Challenging the New Development Next Door
In most county and city governments, the land use process is one that will allow for some basic decisions to be made at staff levels, with higher levels of review in the form of public hearings required for larger scale projects, or proposals that deviate too far from the established standards for a given development. The public hearings require notice to clearly affected nearby property owners and an opportunity for evidence to be presented by the petitioner, the planning department and defined affected person or groups, so a panel or magistrate can weigh the evidence and make a decision.
Often times, the clearly affected nearby property owners and/or community associations are referred to as NIMBY’s (“not in my back yard”) in an effort to create a negative perception or connotation associated with those in opposition to growth or change. In reality, most developments and change are not always the right fit and the clearly affected nearby property owners should embrace the NIMBY label but prepare properly.
I have the honor of serving on a local community development board that plays such a role and makes decisions concerning proposed developments. In my role, I look past the use of the NIMBY card, and try to pay close attention to those in opposition. I’ve seen and heard some very interesting and compelling arguments that have stopped developments or significantly altered their designs. Often, the opposition follows a formula of energy + emotion + engagement, presented through a poorly laid out plan of action that falls short of evidence and misses the mark.
Energy + emotion + engagement alone is not a substitute for evidence. The opposition could very well be right, but the panel making the decision can only give energy + emotion + engagement so much weight and needs to have some evidence on the record as it makes its decision. The difference is distinct, it is harsh, it is clear, but it is often missed.
Don’t get me wrong, the panel needs to know that the neighbors care and are concerned and the concerns are shared among many that will be similarly impacted. So, yes, 200 people showing up in matching $10 t-shirts, buttons and holding signs (energy + emotion + engagement) makes an impression and will be heard. But if that effort is not matched with evidence, it can only go so far. Consider the following:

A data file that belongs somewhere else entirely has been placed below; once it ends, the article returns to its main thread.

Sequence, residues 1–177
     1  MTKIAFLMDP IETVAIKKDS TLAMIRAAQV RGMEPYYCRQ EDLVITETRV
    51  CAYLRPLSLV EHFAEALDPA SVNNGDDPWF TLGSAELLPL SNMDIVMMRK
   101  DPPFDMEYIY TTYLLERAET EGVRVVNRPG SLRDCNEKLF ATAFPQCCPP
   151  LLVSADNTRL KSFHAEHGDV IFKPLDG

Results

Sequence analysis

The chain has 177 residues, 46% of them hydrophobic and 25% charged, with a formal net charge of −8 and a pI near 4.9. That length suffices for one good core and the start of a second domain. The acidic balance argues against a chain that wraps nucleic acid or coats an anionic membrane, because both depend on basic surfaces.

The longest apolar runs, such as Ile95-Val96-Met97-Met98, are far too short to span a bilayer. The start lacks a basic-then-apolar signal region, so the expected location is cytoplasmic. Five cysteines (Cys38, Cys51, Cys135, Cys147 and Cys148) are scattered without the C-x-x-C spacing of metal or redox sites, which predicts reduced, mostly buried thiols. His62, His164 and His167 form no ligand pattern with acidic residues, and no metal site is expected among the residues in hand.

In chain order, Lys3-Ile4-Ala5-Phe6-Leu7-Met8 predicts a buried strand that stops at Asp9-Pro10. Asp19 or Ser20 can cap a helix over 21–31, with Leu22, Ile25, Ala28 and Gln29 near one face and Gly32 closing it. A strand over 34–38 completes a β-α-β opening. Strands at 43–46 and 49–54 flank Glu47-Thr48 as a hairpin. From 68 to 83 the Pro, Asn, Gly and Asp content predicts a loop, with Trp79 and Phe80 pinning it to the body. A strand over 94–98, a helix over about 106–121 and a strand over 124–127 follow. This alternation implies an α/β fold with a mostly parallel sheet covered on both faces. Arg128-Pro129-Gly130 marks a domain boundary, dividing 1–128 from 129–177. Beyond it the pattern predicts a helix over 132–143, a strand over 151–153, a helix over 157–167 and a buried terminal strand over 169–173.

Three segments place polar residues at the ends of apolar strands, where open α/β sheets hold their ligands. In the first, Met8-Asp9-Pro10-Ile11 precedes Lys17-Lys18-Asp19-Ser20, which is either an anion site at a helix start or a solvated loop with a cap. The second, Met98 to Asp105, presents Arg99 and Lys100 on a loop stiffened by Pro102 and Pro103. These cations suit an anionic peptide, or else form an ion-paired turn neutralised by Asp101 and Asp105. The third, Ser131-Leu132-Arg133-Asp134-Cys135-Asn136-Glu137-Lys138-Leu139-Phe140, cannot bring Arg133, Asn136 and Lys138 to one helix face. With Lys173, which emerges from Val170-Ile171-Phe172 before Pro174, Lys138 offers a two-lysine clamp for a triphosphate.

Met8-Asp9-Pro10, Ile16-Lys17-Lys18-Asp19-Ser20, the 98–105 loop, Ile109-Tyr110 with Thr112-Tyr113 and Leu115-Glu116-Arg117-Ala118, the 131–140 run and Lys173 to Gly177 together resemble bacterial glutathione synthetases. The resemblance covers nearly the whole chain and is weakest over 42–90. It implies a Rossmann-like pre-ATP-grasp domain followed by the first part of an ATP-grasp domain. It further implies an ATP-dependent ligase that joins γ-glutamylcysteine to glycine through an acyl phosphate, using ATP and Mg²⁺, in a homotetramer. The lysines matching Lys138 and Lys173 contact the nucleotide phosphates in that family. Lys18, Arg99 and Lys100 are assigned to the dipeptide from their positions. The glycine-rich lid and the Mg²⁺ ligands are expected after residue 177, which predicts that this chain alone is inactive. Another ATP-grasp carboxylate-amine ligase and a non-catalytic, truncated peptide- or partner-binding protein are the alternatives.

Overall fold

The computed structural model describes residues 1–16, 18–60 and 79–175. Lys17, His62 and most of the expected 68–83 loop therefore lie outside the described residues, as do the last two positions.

- Saying the roads will become unsafe because of “the accident that happened just last week” is not the same as hiring a traffic engineer to rebut presumptions in the petitioner traffic study and provide conclusions based on statistical data and recognized standards
- Arguing the project “looks horrendous” is not the same as hiring a planner to give evidence and offer testimony on design standards and the past applications of the code
- Bold, but bare, statements that a project increases crime or creates unsafe conditions offered as a feeling, is not the same as a professional presenting statistical data on the effect similar projects have had on similar neighborhoods
- Merely having individuals get up to present their evidence haphazardly, hoping the panel will piece it together, is not the same as hiring an attorney to lay out a strategy and bring focus to the key weaknesses of the petition being considered while coordinating the flow and presentation of the evidence
If your neighborhood or community is faced with a significant change in your back yard, energy + emotion + engagement is vital, but a better formula is energy + emotion + engagement + evidence presented strategically and in a focused manner. Consider using the very same meeting called to raise awareness to the problem as an opportunity to also identify the financial resources available to gather the right team. Undoubtedly, the petitioner will be there with its army because they are in it for a profit.
Even with the right team the opposition may not always win, but neither does the petitioner. However, you can level the playing field with energy + emotion + engagement + evidence.